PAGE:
Types Of Sand Filters - General Filters Inc Humidifiers.
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1891 – 1892. Earlier view of Filter Gallery. Galvanized iron tanks on right may have been used for sludge digestion studies. (Note tanks #10 and #19.)
TANKS FOR FILTRATION EXPERIMENTS (1891-1892) These tanks, inside the long narrow building of the Station, were used to conduct sewage treatment and water purification experiments. The tanks were filled with sands, gravels, and other soils from various locations in the state; the suitability of each material for water and sewage treatment was evaluated. ------------------------------------------------------------------------------------------ A Brilliant Research Plan is Conceived The readers who forget that the Lawrence Experiment Station began its epic-making researches when the biological and chemical sciences were still in their formative stages may conclude that much of the early work wandered off into profitless blind alleys. Not only were the young men of the Mills' staff set to exploring every possible angle of their researches, but they were encouraged to demonstrate the uselessness of many preconceived notions old and new. To demonstrate how small was the role of mechanical straining in the purification of sewage, they built and operated an elaborate series of filters of all degrees of porosity and proved that coarse sands could produce purification as well as the finest silts. To get the most complete information on the role of organic matter in the process of purification, they added to their filters all sorts and all amounts of organic matter (as witness, the body of the dog) and proved that sewage alone contained all the constituents required for a healthy growth of beneficent bacteria. It is not to be wondered at that the Station staff explored so diligently some paths that proved to be blind alleys. These apparently fruitless journeys often ended in what must have been a new concept — chat definitely proved negative results have a highly important place in any research. Related studies of the treatment of sewage before filtration included the addition of chemical coagulants and metal salts and various aeration processes. Some of these explorations are exactly like the partial treatment methods used to this day. They worked with "contact" filters which were simply fill-and-draw tanks containing assorted coarse filter materials; everyone then interested in sewage treatment research was similarly engaged. At the station it was concluded that nitrification could not possibly result from this type of pretreatment and that its value in general was limited. Early in the 90's septic tanks were constructed to take advantage of the effects of putrefaction, and in 1895 staff concluded that septic tanks could be regarded only as a preliminary means of removing solids and could not result in a reduction of bacteria. It is interesting to note that at that time they warned against tanks affording unduly long storage — a mistake still being made very widely today. They early recognized the principle of seeding sewage with septic sewage and that method is still being utilized. Long before the symbol "pH" had been heard of, they corrected the sewage by adding acids or alkalis. Thoroughly investigated was the use of specific cultures of the organisms effective in sewage purification. Though after only a year or two of work the staff had concluded that the organisms were naturally present in all sewage, they continued to investigate the possibilities of accelerating sewage digestion and the stabilization of sludge by artificially prepared cultures of bacteria. Aeration of sewage was studied almost from the beginning; it was allowed to fall through the air, it was pumped against bundles of twigs or wooden or metal buffers; great quantities of air were blown into the bases of trickling filters; filters were operated with alternate upward and downward flow; filters were built with open walls. All of these ideas, which still come to the surface every now and then, were explored and dismissed because they offered no improvement over the type of filter which had been constructed. Much later, in 1910, the use of aeration entered a new and different phase; air was applied to aquaria filled with sewage to see if fish could survive. "Green growth" formed in these tanks, and when the growths were permitted to remain it was found that fish survived without other aeration. So the fish were removed and the carbonaceous matter was oxidated, and nitrification completed. Sewage thus treated was applied to sand filters — later trickling filters, and it was found that now the filters performed at rates even greater than before. The re-use of the sludge from the aerating process was further studied on a larger scale. The recognition of the importance of this returned sludge led to another blind alley, and the aerating tanks were provided with slate "contactors" to bring the new sewage into intimate contact with the sludge. Gradual removal of the slates showed that they were not at all necessary. This aeration process, termed "oxidizing" for the time being, was still rega1903. Rear view of the Lawrence Experiment Station showing filter house and some of the early intermittent sand filters. The mound in the right foreground shows the 1st covered intermittent sand fil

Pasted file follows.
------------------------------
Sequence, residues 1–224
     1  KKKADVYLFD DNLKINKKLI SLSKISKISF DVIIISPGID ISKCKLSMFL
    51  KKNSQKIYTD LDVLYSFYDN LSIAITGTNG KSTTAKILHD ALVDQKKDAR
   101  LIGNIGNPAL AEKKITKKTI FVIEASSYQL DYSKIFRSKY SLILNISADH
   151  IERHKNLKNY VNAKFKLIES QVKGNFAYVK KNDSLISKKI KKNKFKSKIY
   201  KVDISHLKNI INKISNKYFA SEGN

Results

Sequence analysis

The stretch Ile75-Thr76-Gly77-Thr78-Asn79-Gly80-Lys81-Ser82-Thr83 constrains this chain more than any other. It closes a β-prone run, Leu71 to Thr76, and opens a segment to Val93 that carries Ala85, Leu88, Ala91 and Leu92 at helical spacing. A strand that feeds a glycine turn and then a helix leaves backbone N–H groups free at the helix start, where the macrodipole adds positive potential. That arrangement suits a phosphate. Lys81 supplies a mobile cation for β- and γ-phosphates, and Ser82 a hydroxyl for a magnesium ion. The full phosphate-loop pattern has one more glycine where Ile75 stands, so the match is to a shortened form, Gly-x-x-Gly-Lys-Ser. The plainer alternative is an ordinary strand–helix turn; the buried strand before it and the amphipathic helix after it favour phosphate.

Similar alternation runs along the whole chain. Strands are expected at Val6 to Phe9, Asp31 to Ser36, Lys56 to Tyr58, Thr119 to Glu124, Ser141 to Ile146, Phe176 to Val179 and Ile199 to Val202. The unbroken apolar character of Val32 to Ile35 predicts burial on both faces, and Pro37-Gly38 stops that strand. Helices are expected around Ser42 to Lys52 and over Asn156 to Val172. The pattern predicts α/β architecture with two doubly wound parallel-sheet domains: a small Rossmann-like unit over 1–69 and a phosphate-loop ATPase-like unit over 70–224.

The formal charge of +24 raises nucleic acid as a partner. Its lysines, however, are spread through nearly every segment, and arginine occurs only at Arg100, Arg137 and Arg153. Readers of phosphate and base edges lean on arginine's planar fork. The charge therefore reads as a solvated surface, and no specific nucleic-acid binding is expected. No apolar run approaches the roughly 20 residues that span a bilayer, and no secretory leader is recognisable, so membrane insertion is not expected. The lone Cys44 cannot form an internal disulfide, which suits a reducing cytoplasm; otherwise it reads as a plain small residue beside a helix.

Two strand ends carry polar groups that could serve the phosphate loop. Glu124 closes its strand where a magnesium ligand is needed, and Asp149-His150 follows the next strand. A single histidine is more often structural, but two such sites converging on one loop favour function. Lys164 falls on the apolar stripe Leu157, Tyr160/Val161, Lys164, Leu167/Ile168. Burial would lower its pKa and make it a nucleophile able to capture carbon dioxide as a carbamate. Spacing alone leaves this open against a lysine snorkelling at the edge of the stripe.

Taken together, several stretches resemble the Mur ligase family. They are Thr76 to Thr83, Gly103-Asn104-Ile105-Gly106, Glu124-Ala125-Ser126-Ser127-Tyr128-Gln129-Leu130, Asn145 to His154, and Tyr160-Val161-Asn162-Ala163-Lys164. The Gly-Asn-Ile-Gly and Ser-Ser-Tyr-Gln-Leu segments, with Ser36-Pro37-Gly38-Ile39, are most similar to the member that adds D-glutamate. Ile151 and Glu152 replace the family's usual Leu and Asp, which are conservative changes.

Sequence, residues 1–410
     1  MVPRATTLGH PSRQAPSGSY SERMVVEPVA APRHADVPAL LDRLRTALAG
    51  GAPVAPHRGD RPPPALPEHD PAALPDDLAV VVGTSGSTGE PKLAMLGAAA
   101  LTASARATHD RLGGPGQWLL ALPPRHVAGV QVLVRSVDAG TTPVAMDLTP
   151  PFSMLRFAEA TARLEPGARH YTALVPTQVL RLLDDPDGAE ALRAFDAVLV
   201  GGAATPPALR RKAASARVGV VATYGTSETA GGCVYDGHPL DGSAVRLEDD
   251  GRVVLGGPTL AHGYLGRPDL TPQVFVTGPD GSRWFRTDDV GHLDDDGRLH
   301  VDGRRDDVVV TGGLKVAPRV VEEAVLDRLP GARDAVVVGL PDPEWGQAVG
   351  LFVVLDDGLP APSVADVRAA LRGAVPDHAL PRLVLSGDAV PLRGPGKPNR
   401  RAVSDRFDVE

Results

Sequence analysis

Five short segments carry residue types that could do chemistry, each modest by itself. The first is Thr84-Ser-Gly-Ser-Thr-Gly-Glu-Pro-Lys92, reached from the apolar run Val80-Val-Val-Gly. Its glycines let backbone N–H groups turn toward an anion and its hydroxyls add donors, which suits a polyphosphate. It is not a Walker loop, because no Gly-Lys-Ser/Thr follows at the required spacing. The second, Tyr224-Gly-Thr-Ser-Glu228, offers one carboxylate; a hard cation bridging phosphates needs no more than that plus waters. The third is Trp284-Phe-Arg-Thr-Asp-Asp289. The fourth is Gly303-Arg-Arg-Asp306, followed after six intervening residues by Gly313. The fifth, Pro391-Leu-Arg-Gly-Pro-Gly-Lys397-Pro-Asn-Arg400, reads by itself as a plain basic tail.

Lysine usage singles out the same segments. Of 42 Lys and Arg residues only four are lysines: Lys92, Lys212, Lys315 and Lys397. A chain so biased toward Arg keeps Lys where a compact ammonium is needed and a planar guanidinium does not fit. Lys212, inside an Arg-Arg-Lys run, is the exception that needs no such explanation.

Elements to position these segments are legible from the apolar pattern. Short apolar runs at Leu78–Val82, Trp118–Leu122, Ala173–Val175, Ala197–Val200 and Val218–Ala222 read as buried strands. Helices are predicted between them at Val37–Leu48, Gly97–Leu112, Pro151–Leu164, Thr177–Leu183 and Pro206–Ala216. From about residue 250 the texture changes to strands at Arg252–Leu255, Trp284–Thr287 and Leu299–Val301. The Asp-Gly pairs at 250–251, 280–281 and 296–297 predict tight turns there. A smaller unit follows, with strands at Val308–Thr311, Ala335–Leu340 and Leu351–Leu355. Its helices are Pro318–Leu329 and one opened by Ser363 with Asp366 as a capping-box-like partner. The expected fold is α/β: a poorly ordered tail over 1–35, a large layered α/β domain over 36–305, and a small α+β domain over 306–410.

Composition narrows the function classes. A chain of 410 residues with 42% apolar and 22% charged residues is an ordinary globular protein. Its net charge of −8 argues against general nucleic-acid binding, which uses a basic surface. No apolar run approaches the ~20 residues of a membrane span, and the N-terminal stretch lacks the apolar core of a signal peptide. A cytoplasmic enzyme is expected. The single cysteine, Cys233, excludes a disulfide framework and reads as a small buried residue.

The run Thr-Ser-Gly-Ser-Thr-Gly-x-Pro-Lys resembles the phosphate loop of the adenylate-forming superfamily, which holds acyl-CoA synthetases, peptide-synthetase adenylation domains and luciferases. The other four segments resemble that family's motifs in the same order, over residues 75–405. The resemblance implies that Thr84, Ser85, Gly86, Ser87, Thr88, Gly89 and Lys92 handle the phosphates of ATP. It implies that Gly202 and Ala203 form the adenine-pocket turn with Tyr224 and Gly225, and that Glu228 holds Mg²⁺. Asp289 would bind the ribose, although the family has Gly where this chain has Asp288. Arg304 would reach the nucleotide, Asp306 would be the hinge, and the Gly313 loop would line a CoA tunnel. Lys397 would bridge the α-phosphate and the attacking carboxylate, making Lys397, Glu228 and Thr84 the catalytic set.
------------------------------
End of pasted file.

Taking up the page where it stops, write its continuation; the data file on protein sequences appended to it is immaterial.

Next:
LAWRENCE EXPERIMENT STATION - 1903 Rear view showing filter house and some of the early intermittent sand filters. The mound in the right foreground is the 1st covered intermittent sand filter constructed in 1890. In order to prevent floods, the new laboratory additions were constructed at higher elevation and a protective dike was built adjacent to the Merrimack River. ------------------------------------------------------------------------------------------ Harry W. Clark was the first of the long list of famous scientists t3 dedicate his entire professional career to the Lawrence Experiment Station and the Massachusetts State Board of Health. The young chemist came to the Station at the beginning of the magic year 1888 and ten years later he was put in charge of the work. He continued his direction of the researches until his retirement in 1933) giving forty-five years of pioneering service in the sanitary sciences. He played a leading role in the inception and development of the "activated sludge" sewage-disposal process and carried on an immense amount of work in the treatment of industrial wastes. A contemporary, commenting on Clark's reports, said "Europe is certainly greatly indebted to work done by the Massachusetts State Board of Health." lmhoff is said to have admitted gladly that his development of the lmhoff tank was based upon the findings of the Experiment Station under Clark's direction. During the long years of Mr. Clark's administration of the Station's affairs many other young chemical engineers, biologists, and bacteriologists joined the staff to contribute their skills for a while to the never-ceasing investigations, only to move on to more tempting opportunities coming to them both because of their enhanced understanding and the recognition their connection with the Station brought them. The names of only two will provide some measure of the wide variety of the talents of these many budding scientists — of necessity, going unrecorded here. The then recently graduated sanitarian, Charles-Edward Amory Winslow, began his career at the Station, Today he is acclaimed as the elder-statesman of the world-wide public health movement as well as a revered leader in the National field. Another of the young pioneers was the chemist, Stephen DeMeritt Gage, assistant bacteriologist at the Station, who contributed much to the basic design of sewage treatment plants. A pioneer in the sanitary study of shellfish, his years of patient effort laid the foundation for much of our present ideas for control of the quality of this type of food, so important to New England. He went on to become Sanitary Engineer of the Rhode Island Board of Health and later a renowned and successful sanitary engineering consultant — and a consecrated adviser of other men less well-known than he. As a sort of summing up of the contributions of these men and others, Professor Gordon Fair wrote: "Many of the early studies of water purification and sewage treatment at the Lawrence Experiment Station are counted among the classics of sanitary engineering literature. Some of them were so fundamental and so well conceived that they have continued to be reprinted in books on sanitary engineering for 'half a century. The Lawrence Experiment Station eventually became a mecca for engineers, chemists and biologists interested in the purification of water, the treatment of sewage, wastes, and the control of stream pollution, Most of the important American laboratories for sanitary research, whether supported by federal, state, municipal or university authorities, are linked in one way or another to Lawrence and to the men who moved from Lawrence into engineering practice."